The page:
This additional exception would apply to beneficiaries other than research organisations, and for uses other than scientific research. But those acts would be limited in that they only would cover temporary reproductions and extractions, and only if the rightsholder does not prohibit it. Continue reading →
It has been well over a year since the European Commission has presented its proposal for adapting the EU copyright rules to the realities of the digital age. The proposed changes (as flawed as they may be) are part of an agenda to make Europe more competitive and to stimulate economic growth.
The proposal continues to be debated in the European parliament with no real end in sight. In this situation we have taken today’s meeting of the EU Competitiveness Council (which brings together the ministers responsible for trade, economy, industry, research and innovation, and space from the 28 EU member states, as an occasion to write yet another open letter.
We write to you to share our respectful but serious concerns that discussions in the Council and European Commission on the Copyright Directive are on the verge of causing irreparable damage to our fundamental rights and freedoms, our economy and competitiveness, our education and research, our innovation and competition, our creativity and our culture. We refer you to the numerous letters and analyses sent previously from a broad spectrum of European stakeholders and experts for more details (see attached).
Attached to the letter are 29 different opinions, studies, open letters and reports that have been addressed at the EU legislators since the publication of the reform proposal. These include a recommendation co-signed by over 50 respected academics on measures to safeguard fundamental rights and the open Internet in the framework of the EU copyright reform, which points out that:
Article 13 (…) is disproportionate and irreconcilable with the fundamental rights guarantees in the Charter [of Fundamental Rights of the EU]
Article 13 appears to provoke such legal uncertainty that online services will have no other option than to monitor, filter and block EU citizens’ communications if they are to have any chance of staying in business. Article 13 contradicts existing rules and the case law of the Court of Justice.
Yesterday, the members of the European Parliament’s Civil Liberties Committee (LIBE) did the right thing and voted down the Commission’s proposal to impose upload filters on online platforms. The LIBE opinion, which was drafted by Polish EPP MEP Michał Boni and adopted with a clear majority of 36 votes for and just 5 against, dismantles the most problematic aspects of Article 13 of the Commission’s proposal: the members of the LIBE committee voted to remove the obligation for online platforms to use automated content recognition technologies to filter all user uploads in order to prevent users of these platforms from sharing copyrighted materials without permission from rights holders. The opinion also proposes strengthening user’s ability to contest the takedown of works they’ve uploaded.
Members of Parliament are recognizing the dangers upload filters pose to freedom of expresion..
…while Member States continue to push for mandatory censorship filters
Outside of the European Parliament the LIBE vote also sends a strong signal to the Member States who are discussing this issue in parallel. The Estonian presidency has proposed a new compromise text on article 13 that will be discussed among the member states later this week. The language proposed by the Estonian proposal significantly overhauls the Commission’s proposal, but that new coat of paint cannot hide the fact that it still tries to force online platforms to implement automated content filtering technologies. Continue reading →
More than a year after the European Commission published its proposal for a Directive on Copyright in the Digital Single Market (DSM directive), the proposal continues to be discussed both in the Council and in the European Parliament. While the discussions in the European Parliament have recently slowed down to a crawl (the vote in the Legal Affairs committee is not expected before January), the discussions between the Member States in the Council are picking up steam: earlier this week, the Estonian Council presidency’s consolidated compromise proposal was made public.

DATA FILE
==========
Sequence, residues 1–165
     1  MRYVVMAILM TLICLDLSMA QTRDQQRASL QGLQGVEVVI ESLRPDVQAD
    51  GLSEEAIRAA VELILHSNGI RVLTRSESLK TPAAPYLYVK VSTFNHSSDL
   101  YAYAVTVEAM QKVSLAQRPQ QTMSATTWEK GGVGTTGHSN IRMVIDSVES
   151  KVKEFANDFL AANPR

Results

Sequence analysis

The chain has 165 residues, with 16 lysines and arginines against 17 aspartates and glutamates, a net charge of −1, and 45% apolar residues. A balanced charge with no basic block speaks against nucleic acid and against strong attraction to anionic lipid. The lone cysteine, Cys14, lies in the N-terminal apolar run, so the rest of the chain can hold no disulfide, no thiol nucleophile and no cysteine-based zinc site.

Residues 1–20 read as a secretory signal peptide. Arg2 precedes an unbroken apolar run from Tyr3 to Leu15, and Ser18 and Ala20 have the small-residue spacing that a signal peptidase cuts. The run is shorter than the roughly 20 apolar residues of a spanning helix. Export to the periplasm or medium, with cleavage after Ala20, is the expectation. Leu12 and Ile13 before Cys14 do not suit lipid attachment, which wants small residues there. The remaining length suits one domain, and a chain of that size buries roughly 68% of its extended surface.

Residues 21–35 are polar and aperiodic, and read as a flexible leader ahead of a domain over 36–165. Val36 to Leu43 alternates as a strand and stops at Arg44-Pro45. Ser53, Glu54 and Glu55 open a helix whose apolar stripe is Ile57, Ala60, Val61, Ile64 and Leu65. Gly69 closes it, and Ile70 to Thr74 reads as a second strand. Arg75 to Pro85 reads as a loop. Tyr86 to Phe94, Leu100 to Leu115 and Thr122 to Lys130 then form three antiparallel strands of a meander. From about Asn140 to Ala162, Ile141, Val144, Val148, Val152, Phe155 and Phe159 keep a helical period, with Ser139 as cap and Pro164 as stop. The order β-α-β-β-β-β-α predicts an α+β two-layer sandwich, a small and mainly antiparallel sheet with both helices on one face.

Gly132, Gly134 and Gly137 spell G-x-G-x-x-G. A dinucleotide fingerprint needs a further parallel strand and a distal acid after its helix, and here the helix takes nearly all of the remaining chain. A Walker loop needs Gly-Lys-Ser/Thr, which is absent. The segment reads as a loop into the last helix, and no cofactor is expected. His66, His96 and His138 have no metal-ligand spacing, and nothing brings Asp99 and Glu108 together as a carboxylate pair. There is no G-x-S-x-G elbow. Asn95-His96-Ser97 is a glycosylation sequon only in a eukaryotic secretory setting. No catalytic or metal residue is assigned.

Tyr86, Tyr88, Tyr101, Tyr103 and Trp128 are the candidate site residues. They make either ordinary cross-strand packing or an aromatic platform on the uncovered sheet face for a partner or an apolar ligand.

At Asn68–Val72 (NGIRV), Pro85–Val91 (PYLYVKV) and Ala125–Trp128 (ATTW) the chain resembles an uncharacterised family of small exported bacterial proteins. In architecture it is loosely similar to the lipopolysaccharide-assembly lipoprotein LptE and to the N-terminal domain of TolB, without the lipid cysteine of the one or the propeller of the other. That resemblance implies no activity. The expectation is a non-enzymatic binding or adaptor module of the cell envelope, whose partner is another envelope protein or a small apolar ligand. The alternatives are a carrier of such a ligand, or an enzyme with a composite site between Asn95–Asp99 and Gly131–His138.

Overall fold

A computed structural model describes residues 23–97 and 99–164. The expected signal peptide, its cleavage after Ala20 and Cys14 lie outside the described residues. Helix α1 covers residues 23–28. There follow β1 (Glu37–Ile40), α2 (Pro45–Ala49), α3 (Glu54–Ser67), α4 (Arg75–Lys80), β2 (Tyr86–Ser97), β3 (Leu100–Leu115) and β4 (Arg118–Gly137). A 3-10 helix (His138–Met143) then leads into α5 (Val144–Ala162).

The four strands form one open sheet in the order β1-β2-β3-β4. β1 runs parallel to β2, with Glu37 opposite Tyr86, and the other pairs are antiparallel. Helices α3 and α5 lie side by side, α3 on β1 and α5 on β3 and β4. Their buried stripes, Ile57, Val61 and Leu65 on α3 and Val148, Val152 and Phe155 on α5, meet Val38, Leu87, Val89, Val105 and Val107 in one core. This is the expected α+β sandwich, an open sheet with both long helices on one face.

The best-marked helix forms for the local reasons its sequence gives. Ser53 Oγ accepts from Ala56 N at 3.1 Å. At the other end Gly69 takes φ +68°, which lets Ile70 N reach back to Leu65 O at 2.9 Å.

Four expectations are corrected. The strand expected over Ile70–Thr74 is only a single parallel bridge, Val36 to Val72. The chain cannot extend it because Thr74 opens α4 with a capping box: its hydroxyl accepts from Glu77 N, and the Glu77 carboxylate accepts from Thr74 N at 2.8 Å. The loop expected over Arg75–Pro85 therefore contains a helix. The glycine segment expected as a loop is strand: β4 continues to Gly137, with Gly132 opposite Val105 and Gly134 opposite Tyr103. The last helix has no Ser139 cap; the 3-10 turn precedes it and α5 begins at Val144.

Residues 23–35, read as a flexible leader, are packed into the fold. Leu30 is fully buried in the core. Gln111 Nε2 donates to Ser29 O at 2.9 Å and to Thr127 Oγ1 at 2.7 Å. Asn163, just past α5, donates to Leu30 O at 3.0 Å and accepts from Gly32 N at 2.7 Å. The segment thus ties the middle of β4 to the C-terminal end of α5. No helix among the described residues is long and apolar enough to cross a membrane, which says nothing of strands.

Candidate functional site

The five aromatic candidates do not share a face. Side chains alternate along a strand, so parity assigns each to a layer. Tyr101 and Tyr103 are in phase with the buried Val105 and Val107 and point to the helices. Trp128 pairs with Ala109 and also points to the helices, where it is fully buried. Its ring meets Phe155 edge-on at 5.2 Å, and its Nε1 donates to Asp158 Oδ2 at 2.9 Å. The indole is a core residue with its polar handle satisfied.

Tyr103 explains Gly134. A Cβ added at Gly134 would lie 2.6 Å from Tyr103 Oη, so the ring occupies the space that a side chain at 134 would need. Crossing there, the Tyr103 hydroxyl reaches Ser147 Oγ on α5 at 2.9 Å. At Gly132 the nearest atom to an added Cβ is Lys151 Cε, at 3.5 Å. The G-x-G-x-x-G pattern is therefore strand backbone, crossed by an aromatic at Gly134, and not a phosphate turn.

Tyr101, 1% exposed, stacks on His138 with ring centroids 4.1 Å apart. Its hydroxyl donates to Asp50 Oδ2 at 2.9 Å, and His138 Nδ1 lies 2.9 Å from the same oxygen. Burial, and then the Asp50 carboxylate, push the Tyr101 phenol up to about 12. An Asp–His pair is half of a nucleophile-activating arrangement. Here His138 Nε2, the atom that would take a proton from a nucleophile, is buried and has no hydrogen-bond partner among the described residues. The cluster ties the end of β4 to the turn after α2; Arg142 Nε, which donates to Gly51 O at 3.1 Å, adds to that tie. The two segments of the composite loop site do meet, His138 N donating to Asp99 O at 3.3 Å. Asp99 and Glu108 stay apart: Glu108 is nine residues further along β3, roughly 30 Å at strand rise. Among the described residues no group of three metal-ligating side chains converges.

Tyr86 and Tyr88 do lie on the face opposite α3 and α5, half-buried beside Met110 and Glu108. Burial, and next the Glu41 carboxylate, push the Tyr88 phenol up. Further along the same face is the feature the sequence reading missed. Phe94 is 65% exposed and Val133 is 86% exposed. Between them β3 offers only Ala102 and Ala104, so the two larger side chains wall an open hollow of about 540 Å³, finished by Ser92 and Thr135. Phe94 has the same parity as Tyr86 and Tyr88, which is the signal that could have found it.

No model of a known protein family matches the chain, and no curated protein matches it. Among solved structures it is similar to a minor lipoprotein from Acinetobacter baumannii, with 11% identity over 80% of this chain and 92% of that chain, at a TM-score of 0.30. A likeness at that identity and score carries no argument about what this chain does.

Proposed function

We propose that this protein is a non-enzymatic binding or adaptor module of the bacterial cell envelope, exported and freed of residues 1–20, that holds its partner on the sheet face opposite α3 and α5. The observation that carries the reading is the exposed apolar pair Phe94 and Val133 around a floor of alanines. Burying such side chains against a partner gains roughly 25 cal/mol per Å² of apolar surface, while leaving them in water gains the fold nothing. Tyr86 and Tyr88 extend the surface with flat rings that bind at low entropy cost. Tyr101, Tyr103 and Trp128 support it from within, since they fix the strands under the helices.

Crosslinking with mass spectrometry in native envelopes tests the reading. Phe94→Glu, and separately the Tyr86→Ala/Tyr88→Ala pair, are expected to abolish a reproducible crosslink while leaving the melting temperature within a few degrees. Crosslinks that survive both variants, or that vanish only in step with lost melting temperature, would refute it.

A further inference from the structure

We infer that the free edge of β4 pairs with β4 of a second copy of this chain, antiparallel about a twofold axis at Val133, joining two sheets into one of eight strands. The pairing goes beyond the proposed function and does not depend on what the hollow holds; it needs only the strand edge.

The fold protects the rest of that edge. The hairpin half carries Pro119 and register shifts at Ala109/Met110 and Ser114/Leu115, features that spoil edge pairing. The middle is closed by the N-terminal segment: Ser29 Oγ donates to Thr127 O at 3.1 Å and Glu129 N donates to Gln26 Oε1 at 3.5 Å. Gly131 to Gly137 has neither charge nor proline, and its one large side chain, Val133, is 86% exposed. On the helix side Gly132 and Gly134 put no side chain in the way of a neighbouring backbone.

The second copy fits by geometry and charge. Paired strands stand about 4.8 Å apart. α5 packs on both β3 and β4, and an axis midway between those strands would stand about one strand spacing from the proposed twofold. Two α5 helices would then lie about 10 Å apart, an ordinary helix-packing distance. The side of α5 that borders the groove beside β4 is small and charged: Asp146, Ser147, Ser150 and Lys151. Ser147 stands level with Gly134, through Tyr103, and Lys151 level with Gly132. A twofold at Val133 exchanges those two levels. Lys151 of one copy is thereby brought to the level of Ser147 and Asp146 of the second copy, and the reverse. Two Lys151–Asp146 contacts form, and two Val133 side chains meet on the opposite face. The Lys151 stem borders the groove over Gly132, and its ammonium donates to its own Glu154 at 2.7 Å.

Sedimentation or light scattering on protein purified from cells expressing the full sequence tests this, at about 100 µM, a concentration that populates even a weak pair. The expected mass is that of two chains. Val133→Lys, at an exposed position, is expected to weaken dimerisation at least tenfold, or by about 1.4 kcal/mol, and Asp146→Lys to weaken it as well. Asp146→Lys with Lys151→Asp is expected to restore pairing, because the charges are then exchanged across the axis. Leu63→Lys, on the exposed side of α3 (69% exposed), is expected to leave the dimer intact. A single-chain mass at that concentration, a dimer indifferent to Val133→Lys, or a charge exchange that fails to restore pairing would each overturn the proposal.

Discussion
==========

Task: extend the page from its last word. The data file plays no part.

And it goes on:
The compromise proposal contains an entire new chapter (chapter 1a – Measures to facilitate collective licensing’) that contains an a new article (art 9a – ’Collective licensing with an extended effect’). To anyone familiar with the Commission’s proposal (and the critical reception by cultural heritage institutions) this addition will appear somewhat odd as the Commission’s original proposal already relied on ’collective licensing with an extended effect’ as a mechanism that would allow cultural heritage Institutions to make out of commerce works (OOCW) from their collections available online.
So what exactly is going on here? Articles 7-9 of the Commission’s proposal are aimed at enabling the cross border use of out of commerce works. This would allow cultural heritage institutions to make such works from their collections available online so that they can be accessed from everywhere within the EU. While we think that relying on extended collective licensing alone will not be sufficient to achieve this objective for all sectors and all types of work, we are happy with the ambition to solve this problem on an EU wide basis.
A legal basis for Extended Collective Licensing
By contrast, the newly proposed article 9a focusses on (existing) national extended collective licensing arrangements and would not have any cross border effects. Instead, it introduces provisions into the EU legal framework that would remove the legal uncertainty that currently surrounds the extended collective licensing arrangements that exist in a number of (mainly nordic) EU Member States:
A functioning copyright framework that works for all parties requires the availability of proportionate, legal mechanisms for the licensing of works. Systems such as extended collective licensing or presumptions of representation are a well-established practice in several Member States and can provide such solutions, […] Given the increasing importance of the ability to offer flexible licensing solutions in the digital age, and the increasing use of such schemes in Member States, it is beneficial to further clarify in Union law the status of licensing mechanisms allowing collective management organisations to conclude licences, on a voluntary basis, irrespective of whether all rightholders have authorised the organisation to do so (Recital 28a + 29c of the Estonian Compromise proposal)